- The student can explain the basics of finite element techniques and can apply these to solve the common partial differential equations of physics.
- The student can distinguish between elliptic, hyperbolic and parabolic partial differential equations, and formulate initial and boundary conditions.
- The student can translate a physics problem, and set-up a Finite Element calculation in a package like COMSOL for a multi-domain (e.g. electro-mechanical or microfluidic) problem and validate the result of the calculation.
- The student is able to report and reflect on the results obtained from finite element simulations. This includes a detailed description that helps others to reproduce the work, and a discussion about the validity of the model in light of the physical reality the model represents.
In this course, students learn about finite element modelling (FEM), as a way to solve complex physics problems. The theoretical background is offered in a select set of lectures (tutor P.J. de Boeij), finalized by a written exam. Simultaneously, students learn how to use a modern FEM program such as Comsol Multiphysics. In a set of smaller assignments, students learn how to use the program, and how to define a (multi)physics problem. In the second part of the course, students have to work on solving a larger, and more complex multiphysics problem.|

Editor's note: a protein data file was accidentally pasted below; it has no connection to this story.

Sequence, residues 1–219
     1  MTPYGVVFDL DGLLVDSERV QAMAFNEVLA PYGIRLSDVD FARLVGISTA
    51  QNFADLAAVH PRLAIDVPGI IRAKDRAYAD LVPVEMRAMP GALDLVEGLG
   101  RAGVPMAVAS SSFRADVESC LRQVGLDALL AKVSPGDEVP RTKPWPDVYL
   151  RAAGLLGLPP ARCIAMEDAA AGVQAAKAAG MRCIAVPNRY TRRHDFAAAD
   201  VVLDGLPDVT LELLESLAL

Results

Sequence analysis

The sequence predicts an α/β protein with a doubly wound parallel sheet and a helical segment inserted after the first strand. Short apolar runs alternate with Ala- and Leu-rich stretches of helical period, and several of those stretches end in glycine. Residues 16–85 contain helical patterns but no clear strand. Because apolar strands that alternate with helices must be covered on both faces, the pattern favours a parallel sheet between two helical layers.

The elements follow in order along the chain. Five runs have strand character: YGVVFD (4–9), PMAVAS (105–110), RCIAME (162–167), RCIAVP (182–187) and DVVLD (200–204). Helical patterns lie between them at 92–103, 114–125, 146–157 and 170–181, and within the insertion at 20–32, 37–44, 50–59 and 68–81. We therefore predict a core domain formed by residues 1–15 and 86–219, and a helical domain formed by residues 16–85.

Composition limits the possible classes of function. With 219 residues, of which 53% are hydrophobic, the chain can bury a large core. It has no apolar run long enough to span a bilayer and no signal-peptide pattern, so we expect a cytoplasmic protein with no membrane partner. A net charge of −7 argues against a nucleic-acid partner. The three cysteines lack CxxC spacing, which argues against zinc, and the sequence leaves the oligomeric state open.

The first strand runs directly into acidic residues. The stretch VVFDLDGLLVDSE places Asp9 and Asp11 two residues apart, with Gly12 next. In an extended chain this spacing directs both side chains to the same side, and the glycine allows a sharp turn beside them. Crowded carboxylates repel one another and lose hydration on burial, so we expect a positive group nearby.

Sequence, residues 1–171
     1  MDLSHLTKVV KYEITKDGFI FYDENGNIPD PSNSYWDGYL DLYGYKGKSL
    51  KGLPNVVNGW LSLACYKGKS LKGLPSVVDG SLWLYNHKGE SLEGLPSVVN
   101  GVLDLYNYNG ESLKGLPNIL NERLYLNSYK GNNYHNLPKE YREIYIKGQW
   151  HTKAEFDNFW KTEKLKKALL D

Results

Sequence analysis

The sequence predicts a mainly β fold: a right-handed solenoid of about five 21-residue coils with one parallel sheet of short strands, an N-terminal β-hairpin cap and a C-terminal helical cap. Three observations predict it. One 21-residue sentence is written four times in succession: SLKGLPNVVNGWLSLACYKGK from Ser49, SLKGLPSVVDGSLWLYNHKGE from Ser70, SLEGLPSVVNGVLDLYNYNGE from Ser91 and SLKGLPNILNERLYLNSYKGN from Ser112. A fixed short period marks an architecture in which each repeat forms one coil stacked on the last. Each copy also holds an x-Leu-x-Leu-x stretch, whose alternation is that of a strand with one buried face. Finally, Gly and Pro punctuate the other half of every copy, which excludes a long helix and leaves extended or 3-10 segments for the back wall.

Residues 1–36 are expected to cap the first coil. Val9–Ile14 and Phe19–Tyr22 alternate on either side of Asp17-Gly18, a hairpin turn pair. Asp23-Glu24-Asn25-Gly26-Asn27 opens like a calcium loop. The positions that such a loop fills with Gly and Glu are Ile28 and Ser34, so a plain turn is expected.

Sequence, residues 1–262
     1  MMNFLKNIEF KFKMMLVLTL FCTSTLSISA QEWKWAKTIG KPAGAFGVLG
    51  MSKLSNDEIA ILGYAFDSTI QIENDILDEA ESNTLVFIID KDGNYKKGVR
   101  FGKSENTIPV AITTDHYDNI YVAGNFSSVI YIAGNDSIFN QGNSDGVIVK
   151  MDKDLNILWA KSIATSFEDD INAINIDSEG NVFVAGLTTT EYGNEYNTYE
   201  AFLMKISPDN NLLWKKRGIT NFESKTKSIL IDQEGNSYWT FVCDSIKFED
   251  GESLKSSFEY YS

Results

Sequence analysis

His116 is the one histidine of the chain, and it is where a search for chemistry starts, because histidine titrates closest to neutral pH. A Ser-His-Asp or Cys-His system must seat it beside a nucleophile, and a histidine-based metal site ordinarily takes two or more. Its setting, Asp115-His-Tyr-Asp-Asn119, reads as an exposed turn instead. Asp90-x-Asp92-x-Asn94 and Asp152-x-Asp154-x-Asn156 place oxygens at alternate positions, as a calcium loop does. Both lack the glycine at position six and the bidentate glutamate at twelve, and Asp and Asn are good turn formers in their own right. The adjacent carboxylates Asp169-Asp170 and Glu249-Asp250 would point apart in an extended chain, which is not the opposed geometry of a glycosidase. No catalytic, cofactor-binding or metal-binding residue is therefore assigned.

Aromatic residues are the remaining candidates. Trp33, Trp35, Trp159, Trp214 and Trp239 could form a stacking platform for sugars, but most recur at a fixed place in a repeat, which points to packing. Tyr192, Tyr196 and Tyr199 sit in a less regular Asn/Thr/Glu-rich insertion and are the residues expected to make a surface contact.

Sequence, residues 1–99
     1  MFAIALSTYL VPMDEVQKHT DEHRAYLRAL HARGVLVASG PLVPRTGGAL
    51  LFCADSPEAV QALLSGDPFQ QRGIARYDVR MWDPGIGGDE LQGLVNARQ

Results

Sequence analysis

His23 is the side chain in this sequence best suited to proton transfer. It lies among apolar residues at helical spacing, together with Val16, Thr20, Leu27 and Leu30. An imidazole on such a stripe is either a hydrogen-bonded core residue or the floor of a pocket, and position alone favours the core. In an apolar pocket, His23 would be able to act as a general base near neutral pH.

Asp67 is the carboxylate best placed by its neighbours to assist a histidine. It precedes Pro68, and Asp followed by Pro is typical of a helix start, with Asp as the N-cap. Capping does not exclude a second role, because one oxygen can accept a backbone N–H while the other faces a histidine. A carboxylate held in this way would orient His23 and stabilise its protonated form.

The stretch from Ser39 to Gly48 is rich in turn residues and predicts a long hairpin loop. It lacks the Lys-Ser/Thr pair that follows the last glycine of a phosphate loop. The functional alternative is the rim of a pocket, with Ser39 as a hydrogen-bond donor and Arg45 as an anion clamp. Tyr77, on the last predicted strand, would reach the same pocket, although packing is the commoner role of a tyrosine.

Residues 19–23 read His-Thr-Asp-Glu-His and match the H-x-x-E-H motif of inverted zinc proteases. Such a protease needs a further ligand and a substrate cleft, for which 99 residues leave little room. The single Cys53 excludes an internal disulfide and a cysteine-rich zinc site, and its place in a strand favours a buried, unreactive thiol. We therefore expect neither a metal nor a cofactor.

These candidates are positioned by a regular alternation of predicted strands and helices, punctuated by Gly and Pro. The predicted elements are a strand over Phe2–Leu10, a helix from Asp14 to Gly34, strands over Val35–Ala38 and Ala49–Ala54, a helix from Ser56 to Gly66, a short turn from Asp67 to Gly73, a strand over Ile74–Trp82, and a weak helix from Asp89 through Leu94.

The course is organized along two application domains, following specific tracks in the NT program:
- Microfluidics: Mass transport, Poisson Nernst Planck, and/or DEP.
- MEMS: including (but not limited to) Comb drive.
It is important that students have a solid background in the relevant physics domain, as for example provided in the courses advanced MEMS design, or (one of the courses offered in) Lab on Chip and/or Nanofluidics.
There are no obligatory books that have to be bought. All required material (notes, readers) will be offered via the digital learning environment (Canvas).